A 3-year-old cancer survivor can't leave his house. Now strangers are showing up to cheer him on.


Front lawn becomes a stage for a house-ridden boy www.youtube.com


What happens when a three-year old cancer survivor, whose immune system is compromised, is told he can't leave the house the summer before he's supposed to start pre-school? Well, a bunch of strangers organize to come to him and make it a summer he'll never forget, and it's heart-warming as all get out.


One day shortly after his second birthday Quinn Waters' older sister Maggie noticed he was walking weird and falling over, and told their mother Tara. After a trip to the hospital and an MRI they were given the bad news – Quinn was diagnosed with Medulloblastoma, a type of large brain tumor.

The stem cell treatment Quinn received left his immune system compromised to such a degree that a simple cold could land him in the hospital and risk his life. That led to isolation in his house, with the only people allowed to make direct contact with him being his immediate family.

That's hard for a little boy who just wants to play outside in the summer sun, "…there would be days when Quinn is literally pounding to get out." Tara Waters said.

Related: A boy was bullied for making his own Tennessee Vol's shirt. Now it's the school's official logo.

So, they created a Facebook page and the world took note. All of a sudden Quinn found that he opened the window and the world, literally, had come to play with him.

He got all kinds of guests. He saw a carnival, a whole carnival! He got a command performance from local Boston band The Dropkick Murphys.

He was even given a special visit from a whole bunch of his favorite super heroes. And you really have to give it up for the guy dressed as Batman, it looks like it's pretty hot in there.

"He's a feisty, rambunctious 3-year-old — full of energy," said Jarlath Waters, 42, who works as a union carpenter. "He's also a fighter, and we knew he wouldn't let this get him down. But what we didn't expect was such a huge outpouring of support."

And one of the finest displays to date was when the Winslow police and fire departments showed up and put on a show for Quinn. After a great time they drove away to get back on patrol and blasted their sirens. "Be safe!" Quinn yelled after them, which if you think about is incredible since he's still worried about others despite his condition. And it had to have warmed his mom's heart since she works as a police officer.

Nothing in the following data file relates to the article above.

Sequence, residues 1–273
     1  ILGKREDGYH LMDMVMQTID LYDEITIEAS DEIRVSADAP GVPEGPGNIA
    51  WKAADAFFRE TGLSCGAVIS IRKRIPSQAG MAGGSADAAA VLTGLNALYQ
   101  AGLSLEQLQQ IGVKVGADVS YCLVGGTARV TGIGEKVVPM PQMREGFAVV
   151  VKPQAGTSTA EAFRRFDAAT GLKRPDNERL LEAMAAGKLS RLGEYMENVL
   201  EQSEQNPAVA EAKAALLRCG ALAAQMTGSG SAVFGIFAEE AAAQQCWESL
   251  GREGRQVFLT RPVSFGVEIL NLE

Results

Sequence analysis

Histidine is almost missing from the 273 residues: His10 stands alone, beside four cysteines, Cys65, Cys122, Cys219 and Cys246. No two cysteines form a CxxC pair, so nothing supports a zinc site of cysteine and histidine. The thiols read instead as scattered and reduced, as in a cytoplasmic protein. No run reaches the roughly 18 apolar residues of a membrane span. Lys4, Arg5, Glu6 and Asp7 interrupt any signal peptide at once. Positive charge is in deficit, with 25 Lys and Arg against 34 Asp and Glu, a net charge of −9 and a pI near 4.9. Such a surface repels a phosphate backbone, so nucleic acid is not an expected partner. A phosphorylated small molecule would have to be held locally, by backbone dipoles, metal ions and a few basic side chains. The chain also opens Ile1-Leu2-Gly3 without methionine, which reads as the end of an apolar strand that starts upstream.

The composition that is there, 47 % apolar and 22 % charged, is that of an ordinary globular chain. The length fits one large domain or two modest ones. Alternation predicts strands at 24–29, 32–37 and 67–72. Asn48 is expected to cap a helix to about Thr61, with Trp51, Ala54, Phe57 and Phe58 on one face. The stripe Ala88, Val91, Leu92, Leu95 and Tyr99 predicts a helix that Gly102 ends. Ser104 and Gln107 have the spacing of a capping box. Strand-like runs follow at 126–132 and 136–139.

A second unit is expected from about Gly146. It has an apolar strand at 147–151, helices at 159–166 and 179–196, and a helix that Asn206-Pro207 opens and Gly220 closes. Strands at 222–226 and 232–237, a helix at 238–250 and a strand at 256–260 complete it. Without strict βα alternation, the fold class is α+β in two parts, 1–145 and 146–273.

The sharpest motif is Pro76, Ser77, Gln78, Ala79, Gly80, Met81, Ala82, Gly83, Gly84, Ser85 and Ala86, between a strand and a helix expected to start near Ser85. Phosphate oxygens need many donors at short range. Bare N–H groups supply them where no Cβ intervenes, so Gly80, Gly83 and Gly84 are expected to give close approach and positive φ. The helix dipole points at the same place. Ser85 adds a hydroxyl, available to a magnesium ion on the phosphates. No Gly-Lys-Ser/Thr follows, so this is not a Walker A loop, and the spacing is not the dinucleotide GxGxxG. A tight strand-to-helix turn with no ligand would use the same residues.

Even the Europeans got in the act, starting a GoFundMe campaign to help raise money for his treatments.

Recently Quinn landed back in the hospital when a blood infection threatened his life, but his indomitable spirit and the help of a local blood drive to help collect for a necessary blood transfusion. Just another way folks are helping the afflicted boy.

Quinn's got a long road ahead of him, but with practically the Earth itself behind him we have high hopes for his recovery. If you'd like to learn more about how you might be able to help Quinn and his family visit some of the links provided in this article for more information.

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When a pet is admitted to a shelter it can be a traumatizing experience. Many are afraid of their new surroundings and are far from comfortable showing off their unique personalities. The problem is that's when many of them have their photos taken to appear in online searches.

Chewy, the pet retailer who has dedicated themselves to supporting shelters and rescues throughout the country, recognized the important work of a couple in Tampa, FL who have been taking professional photos of shelter pets to help get them adopted.

"If it's a photo of a scared animal, most people, subconsciously or even consciously, are going to skip over it," pet photographer Adam Goldberg says. "They can't visualize that dog in their home."

Adam realized the importance of quality shelter photos while working as a social media specialist for the Humane Society of Broward County in Fort Lauderdale, Florida.

"The photos were taken top-down so you couldn't see the size of the pet, and the flash would create these red eyes," he recalls. "Sometimes [volunteers] would shoot the photos through the chain-link fences."

That's why Adam and his wife, Mary, have spent much of their free time over the past five years photographing over 1,200 shelter animals to show off their unique personalities to potential adoptive families. The Goldbergs' wonderful work was recently profiled by Chewy in the video above entitled, "A Day in the Life of a Shelter Pet Photographer."

Vanna White appeared on "The Price Is Right" in 1980.

Vanna White has been a household name in the United States for decades, which is kind of hilarious when you consider how she gained her fame and fortune. Since 1982, the former model and actress has made millions walking back and forth turning letters (and later simply touching them—yay technology) on the game show "Wheel of Fortune."

That's it. Walking back and forth in a pretty evening gown, flipping letters and clapping for contestants. More on that job in a minute…

As a member of Gen X, television game shows like "Wheel of Fortune" and "The Price is Right" send me straight back to my childhood. Watching this clip from 1980 of Vanna White competing on "The Price is Right" two years before she started turning letters on "Wheel of Fortune" is like stepping into a time machine. Bob Barker's voice, the theme music, the sound effects—I swear I'm home from school sick, lying on the ugly flowered couch with my mom checking my forehead and bringing me Tang.

This video has it all: the early '80s hairstyles, a fresh-faced Vanna White and Bob Barker's casual sexism that would never in a million years fly today.

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